Opinion 1906 Chicago Cubs. Photo courtesy of Wikipedia
Cub fans have no need to panic

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Cub fans have no need to panic

In fact, you’d best keep October open

By Steve Metsch

This is a message for all the folks out there who cheer the Chicago Cubs. The folks who are worried that their beloved team, the defending World Series champion, now finds itself heading into Monday night’s games one game out of first place and, frankly, not tearing it up like last year.

Perhaps Green Bay Packers quarterback Aaron Rodgers said it best when he told the worried Packer backers to “R-E-L-A-X.” The same holds true Cub fans.

I was at Wrigley Field Sunday night for the game against the rival St. Louis Cardinals. The mood was festive, as it always is when these two  get together. There was plenty of good-natured ribbing and joking between fans before the game at local watering holes and in the stands.

1906 Chicago Cubs. Photo courtesy of WIkipedia

1906 Chicago Cubs. Photo courtesy of Wikipedia

The Cubs grabbed a 1-0 lead. All was well in the world. Then the Cards rallied to take a 4-1 lead. You could have heard a pin drop in the old ballpark.

Folks, this happens. It’s baseball. Every team is going to win 60 games. Every team – unless you are the red-hot Houston Astros this season – will lose 60 games. It’s what you do with the other 42 games that matters.

The Cubs staged their own rally, saw the Cards tie the game, and then the Cubs pulled out a 7-6 victory.

Are things going as easy as they did last summer? Of course not. Things seldom go as planned in Major League Baseball. But remind yourself that the Cubs have two of the best young sluggers in the game – Kris Bryant and Anthony Rizzo – batting second and third in the lineup. Why they don’t hit 3-4 is beyond me. But I digress.

The team is loaded with talent. They have a great pitching staff.Sure, players go through a slump now and then. Heck, entire teams do. Back in 2005, the White Sox saw a huge lead nearly vanish, then they rallied and held on for the division. We know the rest of the story. They went a tidy 11-1 en route to winning the World Series.

I’ll do that one better.

Two weeks ago, I had the pleasure of attending a book signing in La Grange by former Cubs skipper Lou Piniella. Of course, a fan asked if the Cubs are in trouble. Lou, a former World Series winning manager with the Reds, paused, smiled and said “no.”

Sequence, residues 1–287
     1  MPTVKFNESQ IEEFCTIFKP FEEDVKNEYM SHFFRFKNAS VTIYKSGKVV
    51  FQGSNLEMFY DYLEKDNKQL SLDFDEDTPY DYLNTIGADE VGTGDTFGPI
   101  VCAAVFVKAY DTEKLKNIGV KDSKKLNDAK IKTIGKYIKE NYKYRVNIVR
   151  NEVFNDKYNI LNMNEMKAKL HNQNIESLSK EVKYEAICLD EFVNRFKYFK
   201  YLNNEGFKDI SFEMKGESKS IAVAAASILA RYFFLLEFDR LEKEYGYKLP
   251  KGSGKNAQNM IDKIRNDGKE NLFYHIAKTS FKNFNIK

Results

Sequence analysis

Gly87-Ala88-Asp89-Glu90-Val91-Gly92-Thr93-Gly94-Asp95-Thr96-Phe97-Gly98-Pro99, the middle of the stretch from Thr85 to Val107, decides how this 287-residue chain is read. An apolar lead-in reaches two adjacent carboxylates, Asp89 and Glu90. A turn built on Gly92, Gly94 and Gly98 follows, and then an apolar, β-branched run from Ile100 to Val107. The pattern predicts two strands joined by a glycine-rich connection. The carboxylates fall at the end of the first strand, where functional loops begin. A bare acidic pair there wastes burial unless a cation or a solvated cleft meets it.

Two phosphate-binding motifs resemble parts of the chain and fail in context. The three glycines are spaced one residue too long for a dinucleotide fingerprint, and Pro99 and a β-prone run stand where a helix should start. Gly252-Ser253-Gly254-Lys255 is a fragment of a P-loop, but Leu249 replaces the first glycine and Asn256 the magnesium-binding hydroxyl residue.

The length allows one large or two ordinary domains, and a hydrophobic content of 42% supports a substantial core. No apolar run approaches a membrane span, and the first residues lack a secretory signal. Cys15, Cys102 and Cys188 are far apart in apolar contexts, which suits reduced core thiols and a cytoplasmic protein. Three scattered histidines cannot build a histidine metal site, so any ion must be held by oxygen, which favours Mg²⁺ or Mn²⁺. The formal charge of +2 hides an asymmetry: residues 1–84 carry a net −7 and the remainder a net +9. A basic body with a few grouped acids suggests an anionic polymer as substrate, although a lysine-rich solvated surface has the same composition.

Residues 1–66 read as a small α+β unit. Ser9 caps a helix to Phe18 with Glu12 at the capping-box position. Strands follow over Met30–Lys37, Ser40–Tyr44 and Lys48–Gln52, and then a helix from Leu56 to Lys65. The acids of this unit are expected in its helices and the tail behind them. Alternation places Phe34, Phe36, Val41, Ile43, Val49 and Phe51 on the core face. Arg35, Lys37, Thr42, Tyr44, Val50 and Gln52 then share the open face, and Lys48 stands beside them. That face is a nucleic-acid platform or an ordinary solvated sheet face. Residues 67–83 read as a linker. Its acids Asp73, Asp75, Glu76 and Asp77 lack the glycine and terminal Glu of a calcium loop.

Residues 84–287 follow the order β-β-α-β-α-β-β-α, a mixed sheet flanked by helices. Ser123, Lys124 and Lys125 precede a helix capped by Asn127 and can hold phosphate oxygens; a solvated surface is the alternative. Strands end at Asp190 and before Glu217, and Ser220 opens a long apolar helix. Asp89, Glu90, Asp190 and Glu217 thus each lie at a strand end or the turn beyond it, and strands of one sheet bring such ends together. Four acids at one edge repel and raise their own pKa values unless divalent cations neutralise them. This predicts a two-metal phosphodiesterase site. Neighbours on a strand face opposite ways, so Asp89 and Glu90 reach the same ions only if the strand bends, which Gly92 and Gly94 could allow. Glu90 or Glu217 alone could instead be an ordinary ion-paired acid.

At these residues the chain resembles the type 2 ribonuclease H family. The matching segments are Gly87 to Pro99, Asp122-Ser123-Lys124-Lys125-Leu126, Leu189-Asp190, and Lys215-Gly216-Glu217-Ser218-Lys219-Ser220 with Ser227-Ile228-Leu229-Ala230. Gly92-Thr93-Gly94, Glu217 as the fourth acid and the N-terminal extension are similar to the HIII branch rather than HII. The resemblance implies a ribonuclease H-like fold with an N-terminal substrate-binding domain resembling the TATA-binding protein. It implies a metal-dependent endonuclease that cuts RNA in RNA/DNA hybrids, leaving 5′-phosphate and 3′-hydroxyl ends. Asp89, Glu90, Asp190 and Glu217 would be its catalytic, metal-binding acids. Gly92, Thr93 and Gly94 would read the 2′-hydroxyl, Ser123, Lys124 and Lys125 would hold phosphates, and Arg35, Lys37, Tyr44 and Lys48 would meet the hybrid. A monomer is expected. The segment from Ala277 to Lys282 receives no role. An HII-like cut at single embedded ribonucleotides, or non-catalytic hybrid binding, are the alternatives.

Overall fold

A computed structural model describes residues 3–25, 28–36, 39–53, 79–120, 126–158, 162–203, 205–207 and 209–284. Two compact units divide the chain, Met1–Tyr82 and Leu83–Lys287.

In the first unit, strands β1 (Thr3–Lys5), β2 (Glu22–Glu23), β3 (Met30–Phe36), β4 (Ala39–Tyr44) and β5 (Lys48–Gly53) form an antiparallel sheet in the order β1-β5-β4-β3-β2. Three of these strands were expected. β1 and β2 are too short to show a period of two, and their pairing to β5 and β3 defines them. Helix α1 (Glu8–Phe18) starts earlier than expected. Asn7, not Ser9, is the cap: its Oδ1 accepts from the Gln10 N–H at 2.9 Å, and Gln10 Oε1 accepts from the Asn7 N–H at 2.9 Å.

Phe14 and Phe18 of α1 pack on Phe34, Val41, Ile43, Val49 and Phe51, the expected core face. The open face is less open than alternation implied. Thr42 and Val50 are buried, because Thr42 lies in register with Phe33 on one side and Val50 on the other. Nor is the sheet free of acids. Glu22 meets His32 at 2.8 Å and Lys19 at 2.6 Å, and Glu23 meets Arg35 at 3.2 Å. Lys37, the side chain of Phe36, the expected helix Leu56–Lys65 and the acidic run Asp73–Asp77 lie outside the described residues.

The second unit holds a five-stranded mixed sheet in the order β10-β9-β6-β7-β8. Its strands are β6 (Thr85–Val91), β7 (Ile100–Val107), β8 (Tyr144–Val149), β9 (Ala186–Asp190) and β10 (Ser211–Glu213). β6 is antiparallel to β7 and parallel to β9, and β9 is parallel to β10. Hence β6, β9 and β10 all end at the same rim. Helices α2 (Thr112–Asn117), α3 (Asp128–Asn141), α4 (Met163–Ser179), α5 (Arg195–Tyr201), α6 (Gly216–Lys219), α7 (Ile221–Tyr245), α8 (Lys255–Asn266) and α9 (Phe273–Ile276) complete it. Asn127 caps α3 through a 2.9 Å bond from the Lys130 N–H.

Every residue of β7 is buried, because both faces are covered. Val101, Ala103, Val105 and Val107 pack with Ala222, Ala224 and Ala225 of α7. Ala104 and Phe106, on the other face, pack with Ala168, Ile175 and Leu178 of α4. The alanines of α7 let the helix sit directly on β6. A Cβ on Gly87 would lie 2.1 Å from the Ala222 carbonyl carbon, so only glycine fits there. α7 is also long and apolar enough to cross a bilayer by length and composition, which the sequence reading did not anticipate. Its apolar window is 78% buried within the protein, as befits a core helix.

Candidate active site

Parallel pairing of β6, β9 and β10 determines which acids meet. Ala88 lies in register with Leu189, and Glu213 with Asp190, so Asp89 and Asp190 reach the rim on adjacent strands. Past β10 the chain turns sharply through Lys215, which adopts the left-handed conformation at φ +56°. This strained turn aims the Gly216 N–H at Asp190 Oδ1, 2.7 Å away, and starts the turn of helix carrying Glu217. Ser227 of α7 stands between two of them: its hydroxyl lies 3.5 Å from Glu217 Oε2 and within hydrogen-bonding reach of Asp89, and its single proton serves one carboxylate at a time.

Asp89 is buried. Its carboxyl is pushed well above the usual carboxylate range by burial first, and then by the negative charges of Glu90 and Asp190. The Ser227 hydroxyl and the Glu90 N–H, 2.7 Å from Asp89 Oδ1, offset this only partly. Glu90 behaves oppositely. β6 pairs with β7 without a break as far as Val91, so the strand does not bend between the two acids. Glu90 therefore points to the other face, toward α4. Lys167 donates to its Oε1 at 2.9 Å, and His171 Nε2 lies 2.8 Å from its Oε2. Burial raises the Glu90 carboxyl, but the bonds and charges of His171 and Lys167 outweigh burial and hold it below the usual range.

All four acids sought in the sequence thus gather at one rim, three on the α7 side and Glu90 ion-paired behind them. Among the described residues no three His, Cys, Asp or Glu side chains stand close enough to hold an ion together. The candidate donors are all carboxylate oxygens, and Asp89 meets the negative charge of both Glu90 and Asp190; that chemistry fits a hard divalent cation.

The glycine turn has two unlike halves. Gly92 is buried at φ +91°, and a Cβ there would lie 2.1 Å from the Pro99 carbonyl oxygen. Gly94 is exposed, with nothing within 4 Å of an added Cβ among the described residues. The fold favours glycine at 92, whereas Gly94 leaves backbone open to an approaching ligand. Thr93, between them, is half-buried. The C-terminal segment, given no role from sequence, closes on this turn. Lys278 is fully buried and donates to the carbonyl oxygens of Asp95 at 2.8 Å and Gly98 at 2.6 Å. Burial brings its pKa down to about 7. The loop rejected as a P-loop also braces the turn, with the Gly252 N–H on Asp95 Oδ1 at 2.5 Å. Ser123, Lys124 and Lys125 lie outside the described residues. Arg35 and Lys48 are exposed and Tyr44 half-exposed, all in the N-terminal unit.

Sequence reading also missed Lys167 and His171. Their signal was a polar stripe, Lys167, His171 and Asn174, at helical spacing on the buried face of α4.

The Cubs, he said, will be just fine.

And then he told one of my favorite baseball stories. He told of how the New York Yankees he played for in 1977 won the World Series. That’s the team with Piniella, Reggie Jackson, Thurman Munson, and Ron Guidry, to name a few. One great team.

“The next year,” Piniella told us, “we were 14 and one-half games out in July. We tied for the division that year, won the playoff game and went back to the World Series. And we won the World Series.”

See where I’m going here?

Repeating as World Series champ is tough. No doubt about it. But the Cubs, now one game over .500, have way too much talent for any fans to worry about this season. Sit back. Enjoy the ride. Head out to Wrigley. Sadly I could not find a Frosty Malt Sunday, but there’s plenty of food and beverages to enjoy at a game.

Oh, and do keep your October open. And you may want to invest in a champagne bottle or two, just in case.

Steve Metsch

Steve Metsch

Steve Metsch is an award winning veteran reporter who previously worked for the Daily Southtown Newspapers, Chicago Tribune and Chicago Sun-Times. Metsch is a writer and editor at the Southwest News Newspaper group based in suburban Chicago, and a freelance writer at the Chicago Tribune.
Email Steve Metsch at sm4610@sbcglobal.net
Steve Metsch

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